This time I take the road to the city. To my surprise and disappointment, it doesn't lead to any city, but instead lands me near a cabin in the middle of nowhere. This cabin has seen better days. A large sign on the paint-peeled front announces brazenly that this is "Buki house!", and a smaller sign below reads "F*k offf!", leaving little doubt as to the owner's sense of hospitality and command of basic grammar. The whole place, by the way, is a veritable dump. The view is adorned by unkempt grass, dead trees and radioactive barrels. But more interesting is the immense palooka that lies sleeping on the ground among the debris and garbage that litter the porch. I can only assume this is Buki himself. He's snoring loudly; his hulking body is stretched across the front of the cabin door, effectively blocking access inside. Judging by the beer cans and the occasional gasoline container that surround him, it is clear he's had one too many to put it lightly. I feel a pang of compassion for the brute, and take a look at my book of patterns. Yes, "heal" should do. I pluck the notes on my lute, and in an instant Buki is on his feet. He doesn't look much better though, nor does he utter a word before opening the cabin door and shuffling inside.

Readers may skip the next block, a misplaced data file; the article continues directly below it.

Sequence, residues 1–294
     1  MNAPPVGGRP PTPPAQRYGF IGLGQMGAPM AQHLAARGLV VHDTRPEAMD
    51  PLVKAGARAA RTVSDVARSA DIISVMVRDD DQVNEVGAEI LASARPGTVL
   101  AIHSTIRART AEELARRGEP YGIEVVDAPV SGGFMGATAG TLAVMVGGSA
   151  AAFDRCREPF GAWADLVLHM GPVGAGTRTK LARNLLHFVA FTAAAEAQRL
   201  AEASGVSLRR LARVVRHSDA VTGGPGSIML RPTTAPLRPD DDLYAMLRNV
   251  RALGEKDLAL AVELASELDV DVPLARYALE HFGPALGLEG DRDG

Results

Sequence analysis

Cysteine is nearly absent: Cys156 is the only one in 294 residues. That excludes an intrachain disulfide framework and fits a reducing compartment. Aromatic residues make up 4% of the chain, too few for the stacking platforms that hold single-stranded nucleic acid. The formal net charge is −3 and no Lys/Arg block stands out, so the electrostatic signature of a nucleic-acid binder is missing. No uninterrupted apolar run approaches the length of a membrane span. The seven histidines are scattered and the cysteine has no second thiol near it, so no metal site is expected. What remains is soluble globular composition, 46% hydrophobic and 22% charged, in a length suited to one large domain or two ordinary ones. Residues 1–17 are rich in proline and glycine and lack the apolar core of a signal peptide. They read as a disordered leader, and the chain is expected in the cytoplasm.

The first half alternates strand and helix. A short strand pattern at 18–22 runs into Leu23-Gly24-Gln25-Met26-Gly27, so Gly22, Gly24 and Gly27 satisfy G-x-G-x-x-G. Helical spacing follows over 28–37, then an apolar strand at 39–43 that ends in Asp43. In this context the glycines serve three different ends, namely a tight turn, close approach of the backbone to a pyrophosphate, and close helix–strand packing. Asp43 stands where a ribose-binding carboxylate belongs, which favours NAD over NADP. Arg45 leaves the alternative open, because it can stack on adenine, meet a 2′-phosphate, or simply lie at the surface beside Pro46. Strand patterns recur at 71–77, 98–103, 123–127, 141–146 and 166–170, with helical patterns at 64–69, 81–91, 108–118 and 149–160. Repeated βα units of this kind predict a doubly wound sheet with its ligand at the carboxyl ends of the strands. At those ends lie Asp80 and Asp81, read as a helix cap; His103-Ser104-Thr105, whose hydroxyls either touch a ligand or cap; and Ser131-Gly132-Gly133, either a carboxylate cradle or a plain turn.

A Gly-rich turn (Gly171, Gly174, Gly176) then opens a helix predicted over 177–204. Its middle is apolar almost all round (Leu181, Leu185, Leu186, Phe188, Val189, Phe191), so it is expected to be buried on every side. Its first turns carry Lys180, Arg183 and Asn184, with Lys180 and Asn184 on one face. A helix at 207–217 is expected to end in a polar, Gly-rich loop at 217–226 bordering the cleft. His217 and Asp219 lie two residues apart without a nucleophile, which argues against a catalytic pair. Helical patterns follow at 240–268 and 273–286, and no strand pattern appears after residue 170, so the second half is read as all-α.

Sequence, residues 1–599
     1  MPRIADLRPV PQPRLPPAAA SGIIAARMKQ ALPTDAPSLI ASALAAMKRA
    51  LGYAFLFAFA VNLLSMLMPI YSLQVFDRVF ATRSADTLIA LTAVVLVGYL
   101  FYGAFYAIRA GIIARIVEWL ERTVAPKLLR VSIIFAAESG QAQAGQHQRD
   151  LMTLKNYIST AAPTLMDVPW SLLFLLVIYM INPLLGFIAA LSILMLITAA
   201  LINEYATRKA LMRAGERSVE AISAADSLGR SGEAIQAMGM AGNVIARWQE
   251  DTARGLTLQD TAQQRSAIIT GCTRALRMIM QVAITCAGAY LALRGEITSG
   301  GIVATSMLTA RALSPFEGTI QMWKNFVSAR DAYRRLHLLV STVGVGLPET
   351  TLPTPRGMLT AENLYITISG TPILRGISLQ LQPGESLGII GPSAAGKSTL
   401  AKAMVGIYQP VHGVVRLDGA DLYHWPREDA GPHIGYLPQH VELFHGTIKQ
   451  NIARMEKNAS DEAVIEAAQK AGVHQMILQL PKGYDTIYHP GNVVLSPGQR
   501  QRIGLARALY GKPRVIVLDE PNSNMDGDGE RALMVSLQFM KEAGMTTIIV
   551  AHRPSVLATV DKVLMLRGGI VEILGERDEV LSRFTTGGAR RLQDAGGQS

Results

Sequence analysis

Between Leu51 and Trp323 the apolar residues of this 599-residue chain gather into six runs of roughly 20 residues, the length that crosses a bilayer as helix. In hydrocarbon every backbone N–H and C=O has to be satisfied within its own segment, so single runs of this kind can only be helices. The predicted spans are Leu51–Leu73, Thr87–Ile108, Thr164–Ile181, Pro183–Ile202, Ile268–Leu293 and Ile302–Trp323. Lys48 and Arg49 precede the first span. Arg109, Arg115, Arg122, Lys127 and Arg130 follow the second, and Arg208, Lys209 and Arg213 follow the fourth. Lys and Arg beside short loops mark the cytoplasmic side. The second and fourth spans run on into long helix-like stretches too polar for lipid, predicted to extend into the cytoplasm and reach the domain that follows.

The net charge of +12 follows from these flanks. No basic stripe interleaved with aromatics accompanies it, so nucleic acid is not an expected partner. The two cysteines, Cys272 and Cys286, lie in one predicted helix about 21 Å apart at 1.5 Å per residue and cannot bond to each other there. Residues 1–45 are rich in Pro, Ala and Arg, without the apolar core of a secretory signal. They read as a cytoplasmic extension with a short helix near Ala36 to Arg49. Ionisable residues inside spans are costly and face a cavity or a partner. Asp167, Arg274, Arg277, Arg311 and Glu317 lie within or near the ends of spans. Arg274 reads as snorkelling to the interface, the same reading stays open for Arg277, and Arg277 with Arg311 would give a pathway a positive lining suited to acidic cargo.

"Keep calm and drink"; Buki took at least half that advice

I sneak in after him. The inside of the cabin is aesthetically consistent with its exterior. There are only two rooms, one of which is Buki's bedroom. He has already crashed into his bed and is sound asleep again. I let him rest, and examine my surroundings. There is a plate with partially eaten food on a rickety table, some shelves filled with useless trash, a rather large hole on the wooden floor, and a peculiar machine on one of the corners. I examine it, coming across a label with the words "DESTRUCT 300". Intriguing! Buki's still snoring like a pack of rhinos, so I feel bold enough to turn the power on. A second later the machine comes to life with a loud hum. The whole mechanism consists of a conveyor belt that enters from an adjoining room through a crude hole on the wall, and a large piston located above the belt. Suddenly, the belt starts moving and several items begin entering the room through the hole -- only to be immediately crushed by the piston! A banana, a pair of glasses, a teddy bear - they all get methodically and senselessly smashed into pieces for no apparent reason, and then the remnants fall off the end of the belt, vanishing right into the hole on the floor. Above the dint of the destruction, I can hear four notes -- the DESTRUCT 300 is teaching me another pattern! I decide I've had enough of Buki and his cruel machine, and I hightail out of there.